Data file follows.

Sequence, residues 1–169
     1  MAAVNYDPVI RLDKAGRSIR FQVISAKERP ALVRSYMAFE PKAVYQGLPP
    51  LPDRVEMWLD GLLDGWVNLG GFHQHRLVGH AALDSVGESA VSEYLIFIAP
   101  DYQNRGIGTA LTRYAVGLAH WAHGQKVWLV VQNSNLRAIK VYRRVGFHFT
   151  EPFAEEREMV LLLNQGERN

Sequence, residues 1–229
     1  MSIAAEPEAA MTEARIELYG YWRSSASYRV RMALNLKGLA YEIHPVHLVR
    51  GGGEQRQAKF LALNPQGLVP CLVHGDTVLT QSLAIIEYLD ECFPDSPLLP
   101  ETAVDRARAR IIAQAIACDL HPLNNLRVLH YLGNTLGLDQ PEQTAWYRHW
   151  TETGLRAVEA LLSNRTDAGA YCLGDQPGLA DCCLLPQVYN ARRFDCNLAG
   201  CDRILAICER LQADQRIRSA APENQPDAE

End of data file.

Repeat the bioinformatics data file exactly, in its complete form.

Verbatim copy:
Sequence, residues 1–169
     1  MAAVNYDPVI RLDKAGRSIR FQVISAKERP ALVRSYMAFE PKAVYQGLPP
    51  LPDRVEMWLD GLLDGWVNLG GFHQHRLVGH AALDSVGESA VSEYLIFIAP
   101  DYQNRGIGTA LTRYAVGLAH WAHGQKVWLV VQNSNLRAIK VYRRVGFHFT
   151  EPFAEEREMV LLLNQGERN

Sequence, residues 1–229
     1  MSIAAEPEAA MTEARIELYG YWRSSASYRV RMALNLKGLA YEIHPVHLVR
    51  GGGEQRQAKF LALNPQGLVP CLVHGDTVLT QSLAIIEYLD ECFPDSPLLP
   101  ETAVDRARAR IIAQAIACDL HPLNNLRVLH YLGNTLGLDQ PEQTAWYRHW
   151  TETGLRAVEA LLSNRTDAGA YCLGDQPGLA DCCLLPQVYN ARRFDCNLAG
   201  CDRILAICER LQADQRIRSA APENQPDAE